to review performance data outcomes and costs of changes to public assistance
programs after federal approval of changes to those programs. The bill specifies
participants DHS must appoint to the advisory committee. The bill also requires a
state agency that administers a public assistance program to hold a public comment
period before developing language for a proposal to waive federal law and to conduct
no fewer than three public hearings on the proposed waiver before submitting to the
federal government. The agency may not submit the request on the proposed waiver
without prior approval of the proposed waiver request by the Joint Committee on
Sober living and mental health
This bill requires DHS to encourage the development, expansion, and quality
control of networks of sober living residences and to allocate moneys to create a
revolving loan fund for establishing sober living residences or a network of sober
living residences or to award grants for purposes specified in the bill.
This bill requires DHS to award grants to entities or groups that meet its
qualifications to perform research projects on mental health issues and access to
mental health services in rural areas of the state.
Nonemergency medical transportation services
This bill requires DHS to determine and implement a reimbursement rate for
nonemergency medical transportation services for Medical Assistance recipients
who are nursing home residents that is the same as the prevalent brokerage
reimbursement rate applied to other nonemergency medical transportation services
for Medical Assistance recipients.
Household and dependent care services expenses tax credit
This bill creates a nonrefundable individual income tax credit for certain
expenses for household and dependent care services, based on a similar federal
Under current federal law, there exists a tax credit for expenses for household
and dependent care services necessary for gainful employment. Generally, the
federal credit is a nonrefundable individual income tax credit that may be claimed
by an individual for employment-related expenses for household services and
dependent care services for a qualifying individual. Because the credit is
nonrefundable, it may be claimed only up to the amount of a taxpayer's tax liability.
Generally, under federal law, a qualifying individual is someone who has the
same principal place of abode as the claimant for more than one-half of the year, is
the claimant's dependent, and is 1) a child age 12 or under; 2) a child age 13 or older
who is incapable of self-care; or 3) the claimant's spouse who is incapable of self-care.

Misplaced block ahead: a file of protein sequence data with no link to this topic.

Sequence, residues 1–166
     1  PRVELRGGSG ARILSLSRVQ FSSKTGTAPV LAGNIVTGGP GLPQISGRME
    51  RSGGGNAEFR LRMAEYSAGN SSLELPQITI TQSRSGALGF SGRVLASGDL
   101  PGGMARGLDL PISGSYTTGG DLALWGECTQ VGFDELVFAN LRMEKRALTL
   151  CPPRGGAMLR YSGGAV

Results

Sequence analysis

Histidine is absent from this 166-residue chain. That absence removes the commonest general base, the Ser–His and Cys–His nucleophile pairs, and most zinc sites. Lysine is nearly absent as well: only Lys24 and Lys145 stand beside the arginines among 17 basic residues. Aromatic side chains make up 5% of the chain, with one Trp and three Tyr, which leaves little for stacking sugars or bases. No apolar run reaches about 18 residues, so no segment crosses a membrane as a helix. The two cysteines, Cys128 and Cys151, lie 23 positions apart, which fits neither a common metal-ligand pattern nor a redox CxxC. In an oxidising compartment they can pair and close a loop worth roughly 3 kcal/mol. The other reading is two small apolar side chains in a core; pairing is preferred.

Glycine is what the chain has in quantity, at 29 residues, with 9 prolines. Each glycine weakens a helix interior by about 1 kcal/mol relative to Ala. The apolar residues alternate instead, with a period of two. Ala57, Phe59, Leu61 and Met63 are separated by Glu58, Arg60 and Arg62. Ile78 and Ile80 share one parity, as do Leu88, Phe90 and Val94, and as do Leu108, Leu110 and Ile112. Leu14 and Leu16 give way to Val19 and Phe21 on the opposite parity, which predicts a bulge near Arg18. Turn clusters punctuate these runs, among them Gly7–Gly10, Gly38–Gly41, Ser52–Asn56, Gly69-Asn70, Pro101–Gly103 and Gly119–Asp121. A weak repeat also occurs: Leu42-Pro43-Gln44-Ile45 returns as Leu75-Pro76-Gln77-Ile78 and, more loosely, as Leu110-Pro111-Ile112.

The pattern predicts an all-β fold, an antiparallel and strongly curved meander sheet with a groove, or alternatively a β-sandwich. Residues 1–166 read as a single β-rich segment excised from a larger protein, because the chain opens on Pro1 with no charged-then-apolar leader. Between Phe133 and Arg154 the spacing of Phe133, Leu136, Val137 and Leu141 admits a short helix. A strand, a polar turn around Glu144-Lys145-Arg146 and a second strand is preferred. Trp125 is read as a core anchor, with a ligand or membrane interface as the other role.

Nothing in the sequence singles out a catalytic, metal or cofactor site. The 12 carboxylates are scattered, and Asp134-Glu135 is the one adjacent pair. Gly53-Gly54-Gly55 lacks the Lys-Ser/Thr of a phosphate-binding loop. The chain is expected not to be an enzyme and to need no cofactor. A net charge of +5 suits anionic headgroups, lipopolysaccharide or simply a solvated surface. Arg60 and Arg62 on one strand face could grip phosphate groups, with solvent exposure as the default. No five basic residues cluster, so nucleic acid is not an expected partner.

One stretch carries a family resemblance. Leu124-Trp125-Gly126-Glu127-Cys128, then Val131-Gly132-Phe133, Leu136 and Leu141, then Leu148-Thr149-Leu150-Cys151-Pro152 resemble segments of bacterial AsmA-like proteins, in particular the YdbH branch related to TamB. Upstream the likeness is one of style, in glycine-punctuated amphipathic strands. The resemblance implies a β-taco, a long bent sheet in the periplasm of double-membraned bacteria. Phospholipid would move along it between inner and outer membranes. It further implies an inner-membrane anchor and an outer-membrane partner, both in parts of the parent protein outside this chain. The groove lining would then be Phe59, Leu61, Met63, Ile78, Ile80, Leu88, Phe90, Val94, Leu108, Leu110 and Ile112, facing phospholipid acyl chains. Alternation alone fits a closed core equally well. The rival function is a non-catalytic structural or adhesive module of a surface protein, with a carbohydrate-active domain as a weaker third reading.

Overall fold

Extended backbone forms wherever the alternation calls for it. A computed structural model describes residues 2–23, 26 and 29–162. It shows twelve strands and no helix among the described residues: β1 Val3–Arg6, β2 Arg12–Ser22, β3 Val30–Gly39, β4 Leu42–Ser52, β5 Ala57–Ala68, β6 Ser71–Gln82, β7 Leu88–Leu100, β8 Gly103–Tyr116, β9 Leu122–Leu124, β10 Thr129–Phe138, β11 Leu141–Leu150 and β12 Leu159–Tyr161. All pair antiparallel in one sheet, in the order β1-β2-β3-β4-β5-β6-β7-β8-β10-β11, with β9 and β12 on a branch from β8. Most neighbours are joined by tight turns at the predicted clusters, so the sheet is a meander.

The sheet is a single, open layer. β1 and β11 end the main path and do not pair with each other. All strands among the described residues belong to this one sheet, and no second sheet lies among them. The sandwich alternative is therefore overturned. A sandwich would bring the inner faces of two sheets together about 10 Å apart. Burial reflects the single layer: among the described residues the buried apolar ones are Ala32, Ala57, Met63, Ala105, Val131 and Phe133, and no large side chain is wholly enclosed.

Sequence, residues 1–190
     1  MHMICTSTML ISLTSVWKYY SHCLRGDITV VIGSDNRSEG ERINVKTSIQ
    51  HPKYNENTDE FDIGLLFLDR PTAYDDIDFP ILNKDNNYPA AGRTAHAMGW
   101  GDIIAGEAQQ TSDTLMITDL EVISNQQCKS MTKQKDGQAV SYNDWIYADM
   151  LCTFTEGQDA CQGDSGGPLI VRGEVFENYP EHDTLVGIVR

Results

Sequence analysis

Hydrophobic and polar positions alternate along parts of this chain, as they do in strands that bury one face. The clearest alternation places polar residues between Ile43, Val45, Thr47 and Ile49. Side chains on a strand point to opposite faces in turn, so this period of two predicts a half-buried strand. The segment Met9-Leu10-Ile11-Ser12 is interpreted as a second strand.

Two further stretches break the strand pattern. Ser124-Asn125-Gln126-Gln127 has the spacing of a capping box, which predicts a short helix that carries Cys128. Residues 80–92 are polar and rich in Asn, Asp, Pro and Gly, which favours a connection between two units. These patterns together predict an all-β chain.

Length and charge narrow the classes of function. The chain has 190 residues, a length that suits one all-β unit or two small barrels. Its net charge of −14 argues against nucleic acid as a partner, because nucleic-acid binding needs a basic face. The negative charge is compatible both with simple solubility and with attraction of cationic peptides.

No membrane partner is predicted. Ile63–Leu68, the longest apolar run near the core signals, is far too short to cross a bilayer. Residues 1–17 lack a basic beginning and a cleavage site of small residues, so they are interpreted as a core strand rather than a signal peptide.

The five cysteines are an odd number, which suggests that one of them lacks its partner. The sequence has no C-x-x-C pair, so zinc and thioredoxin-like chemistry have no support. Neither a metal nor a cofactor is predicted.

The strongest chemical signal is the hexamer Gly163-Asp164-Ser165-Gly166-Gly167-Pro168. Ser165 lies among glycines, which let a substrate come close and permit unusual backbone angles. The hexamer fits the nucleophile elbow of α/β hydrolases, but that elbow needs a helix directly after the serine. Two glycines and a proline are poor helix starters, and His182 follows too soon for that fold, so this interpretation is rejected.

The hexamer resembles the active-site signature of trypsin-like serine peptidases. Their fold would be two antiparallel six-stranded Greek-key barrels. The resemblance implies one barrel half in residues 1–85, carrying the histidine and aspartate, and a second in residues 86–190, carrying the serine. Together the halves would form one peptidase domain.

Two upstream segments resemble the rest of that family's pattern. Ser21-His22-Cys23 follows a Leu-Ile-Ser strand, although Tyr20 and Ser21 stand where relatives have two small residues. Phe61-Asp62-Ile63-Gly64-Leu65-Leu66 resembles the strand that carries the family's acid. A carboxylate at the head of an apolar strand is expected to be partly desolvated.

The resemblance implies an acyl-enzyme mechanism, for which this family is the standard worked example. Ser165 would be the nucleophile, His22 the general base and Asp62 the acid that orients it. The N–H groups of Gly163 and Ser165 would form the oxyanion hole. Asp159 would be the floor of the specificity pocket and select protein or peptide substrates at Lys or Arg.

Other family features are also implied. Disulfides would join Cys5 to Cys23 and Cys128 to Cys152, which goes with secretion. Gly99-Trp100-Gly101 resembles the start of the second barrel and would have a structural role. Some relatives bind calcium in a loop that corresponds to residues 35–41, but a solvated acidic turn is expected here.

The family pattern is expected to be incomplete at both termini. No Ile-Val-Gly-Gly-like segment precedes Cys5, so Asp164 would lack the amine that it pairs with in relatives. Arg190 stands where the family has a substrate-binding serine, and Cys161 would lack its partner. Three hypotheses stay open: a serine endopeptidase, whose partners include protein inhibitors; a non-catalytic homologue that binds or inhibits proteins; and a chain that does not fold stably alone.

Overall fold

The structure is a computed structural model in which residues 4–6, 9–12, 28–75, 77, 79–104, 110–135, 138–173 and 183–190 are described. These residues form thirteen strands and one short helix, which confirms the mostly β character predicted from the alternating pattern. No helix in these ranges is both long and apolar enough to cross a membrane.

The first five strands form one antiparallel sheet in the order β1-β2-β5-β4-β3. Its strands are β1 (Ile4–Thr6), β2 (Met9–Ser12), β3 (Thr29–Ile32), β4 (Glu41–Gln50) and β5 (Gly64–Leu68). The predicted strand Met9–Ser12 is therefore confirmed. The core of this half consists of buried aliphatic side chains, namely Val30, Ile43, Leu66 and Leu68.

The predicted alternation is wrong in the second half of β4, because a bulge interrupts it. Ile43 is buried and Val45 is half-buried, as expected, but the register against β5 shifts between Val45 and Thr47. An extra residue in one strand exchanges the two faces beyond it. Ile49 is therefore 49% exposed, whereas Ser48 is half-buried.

The credit may be claimed for expenses to enable the claimant to be gainfully
employed or actively search for gainful employment. Generally, allowable expenses
for a qualifying individual under federal law include costs for in-home care or
daycare, nursery school or preschool programs, and before-school and after-school
care for school-age children. Depending on the claimant's adjusted gross income, the
credit may be worth between 20 percent and 35 percent of the claimant's allowable
expenses, up to a maximum annual amount of $3,000 if there is one qualifying
individual and up to $6,000 if there are two or more qualifying individuals.
This bill creates a nonrefundable individual income tax credit based on the
federal tax credit for expenses for household and dependent care services. Under the
bill, an individual who is eligible for and claims the federal tax credit for expenses
for household and dependent care services may claim the same amount as a
nonrefundable credit on his or her Wisconsin income tax return. Under the bill, the
Wisconsin credit may not be claimed by a part-year resident or nonresident of this
Under current law, DOT provides state aid payments to local public bodies in
urban areas served by mass transit systems to assist the local public bodies with the
expenses of operating those systems. This bill increases the total amount of state aid
payments for mass transit systems serving urban areas having a population of less
than 50,000 to $5,707,800 in calendar year 2020 and thereafter.
This bill requires DCF to prepare and transmit to the governor and the
legislature an annual report on the number of children in out-of-home care in the
previous year who have experienced adverse childhood experiences. Under current
law, a child may be placed in out-of-home care, such as in a foster home, the home
of a guardian or relative other than a parent, or a group home, if a court assigned to
exercise jurisdiction under the Children's Code finds the child to be in need of
protection or services.
This bill requires the Board of Regents of the University of Wisconsin System
to allocate $50,000 each fiscal year for the Institute for Research on Poverty at the
UW-Madison to study and provide an annual report to the public on poverty in this